Since the seventies joint replacement surgery has been successfully carried out on dogs but it is only over more recent times that hip joint replacement surgery has been included on the list of veterinary procedures that can successfully be carried out on dogs suffering from joint osteoarthritis. If your pet suffers from hip dysplasia and therefore osteoarthritis, the vet may well recommend a total hip replacement otherwise known as THR and the same applies to total elbow replacement (TER). A lot of research has been carried out over the last few years at the Iowa State University by a Dr Mike Conzemius and a company called Biomedtrix, one of the world's largest suppliers of hip joint replacement implants for canines.
The procedure involves removing the diseased joint surfaces found in the elbow and these are then replaced with a component made out of cobalt chrome humeral together with another component made out of a high-techpolyethylene which is a type of plastic to replace the radio-ulnar. The end result is a synthetic joint where implants are kept in position using a material known as bone cement.
Dogs suffering from certain conditions may undergo this procedure with great success which include the following:
As compared to the hip, the elbow joint is that much harder to replace because there are in fact three separate joint surfaces that meet at the elbow. Where the hip joint is concerned there are only two. On top of this, it is far harder to achieve a natural movement in the elbow than it is in the hip. When it comes to the actual surgery, opening up an elbow up enough to carry out the procedure is more difficult which means the surgery takes that much longer to carry out too.
Although the surgery is considered to be safe there is the risk of complications and this is typically dealt with by a vet fusing the elbow joint (arthodesis). The result is that apart from having a strange gait, a dog would have use of the limb without experiencing any pain but total flexibility would not be achieved.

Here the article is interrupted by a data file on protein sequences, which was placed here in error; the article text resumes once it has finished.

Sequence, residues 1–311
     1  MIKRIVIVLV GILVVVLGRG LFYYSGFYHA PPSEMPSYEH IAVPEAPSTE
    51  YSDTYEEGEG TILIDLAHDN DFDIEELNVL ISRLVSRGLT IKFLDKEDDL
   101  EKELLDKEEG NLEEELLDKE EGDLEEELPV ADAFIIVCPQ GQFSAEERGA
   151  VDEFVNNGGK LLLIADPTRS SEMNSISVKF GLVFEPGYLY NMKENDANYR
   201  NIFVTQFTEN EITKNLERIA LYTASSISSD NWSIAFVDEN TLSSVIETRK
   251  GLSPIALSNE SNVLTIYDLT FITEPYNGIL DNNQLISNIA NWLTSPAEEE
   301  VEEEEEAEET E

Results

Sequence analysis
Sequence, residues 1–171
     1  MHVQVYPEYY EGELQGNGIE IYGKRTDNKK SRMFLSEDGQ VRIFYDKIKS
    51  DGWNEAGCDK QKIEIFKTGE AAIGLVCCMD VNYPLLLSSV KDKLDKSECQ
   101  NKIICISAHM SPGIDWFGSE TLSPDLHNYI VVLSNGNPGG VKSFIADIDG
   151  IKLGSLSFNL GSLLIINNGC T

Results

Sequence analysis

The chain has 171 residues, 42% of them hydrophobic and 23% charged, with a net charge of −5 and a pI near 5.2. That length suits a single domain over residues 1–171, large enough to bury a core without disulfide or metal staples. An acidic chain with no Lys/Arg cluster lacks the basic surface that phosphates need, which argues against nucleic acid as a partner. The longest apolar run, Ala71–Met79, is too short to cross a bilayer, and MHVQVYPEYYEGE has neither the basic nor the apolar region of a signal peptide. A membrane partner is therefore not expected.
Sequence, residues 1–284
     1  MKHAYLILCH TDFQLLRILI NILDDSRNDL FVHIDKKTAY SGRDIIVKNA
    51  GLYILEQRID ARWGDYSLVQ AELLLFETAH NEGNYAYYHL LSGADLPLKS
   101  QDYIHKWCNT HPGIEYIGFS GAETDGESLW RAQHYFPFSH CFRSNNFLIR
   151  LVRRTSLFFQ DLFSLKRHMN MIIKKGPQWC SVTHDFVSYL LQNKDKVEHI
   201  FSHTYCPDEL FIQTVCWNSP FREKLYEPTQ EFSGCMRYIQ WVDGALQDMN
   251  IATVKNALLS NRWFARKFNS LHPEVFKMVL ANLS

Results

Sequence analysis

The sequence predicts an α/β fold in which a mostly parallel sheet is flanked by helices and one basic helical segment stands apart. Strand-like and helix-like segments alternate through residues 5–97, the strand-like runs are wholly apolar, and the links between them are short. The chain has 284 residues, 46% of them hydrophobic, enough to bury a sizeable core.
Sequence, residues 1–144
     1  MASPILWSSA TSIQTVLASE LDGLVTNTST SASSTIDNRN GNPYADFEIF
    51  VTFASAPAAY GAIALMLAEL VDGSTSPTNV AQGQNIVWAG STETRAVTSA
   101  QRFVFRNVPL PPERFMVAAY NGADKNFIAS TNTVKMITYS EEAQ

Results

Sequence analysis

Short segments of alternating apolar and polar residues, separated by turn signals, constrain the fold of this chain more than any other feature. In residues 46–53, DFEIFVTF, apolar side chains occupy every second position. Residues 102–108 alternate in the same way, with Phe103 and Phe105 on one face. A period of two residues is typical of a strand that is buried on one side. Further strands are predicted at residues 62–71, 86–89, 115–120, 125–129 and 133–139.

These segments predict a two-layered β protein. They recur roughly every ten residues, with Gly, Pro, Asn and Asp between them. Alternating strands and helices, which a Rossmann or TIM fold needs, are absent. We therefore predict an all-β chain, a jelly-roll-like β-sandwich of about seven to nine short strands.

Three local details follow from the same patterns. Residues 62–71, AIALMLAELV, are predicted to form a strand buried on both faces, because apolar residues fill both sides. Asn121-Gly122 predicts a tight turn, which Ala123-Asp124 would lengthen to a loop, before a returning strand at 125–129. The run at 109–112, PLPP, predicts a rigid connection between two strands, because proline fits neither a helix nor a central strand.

Dogs that suffer from certain conditions or that are in constant pain would benefit from a total elbow replacement and the reasons why a vet might suggest this to owners include the following:
After the surgery you would see a gradual improvement in your dog's mobility however, six months further down the line you will notice a marked improvement with your pet not having to cope with the pain associated with osteoarthritis. With this said, total flexion may not be possible and a little lameness may continue but this is not due to discomfort but rather to the way the joint's biomechanics have been changed.
Total elbow replacement is a procedure that has been very welcomed by vets over the last few years because it has meant that where options were once limited, now there is one that is a valuable consideration for dogs that suffer with elbow osteoarthritis. If you think your dog may benefit from this procedure you would need to discuss the possibilities of them being candidates with your vet bearing in mind, it is a very expensive procedure but one which may well be covered by a pet insurance plan. This is something else you would need to look into. However, it is well worth it especially if your dog is suffering with a lot of constant pain. Once the surgery has been done, your dog will feel a lot happier being able to lead a pain-free life and still have their mobility.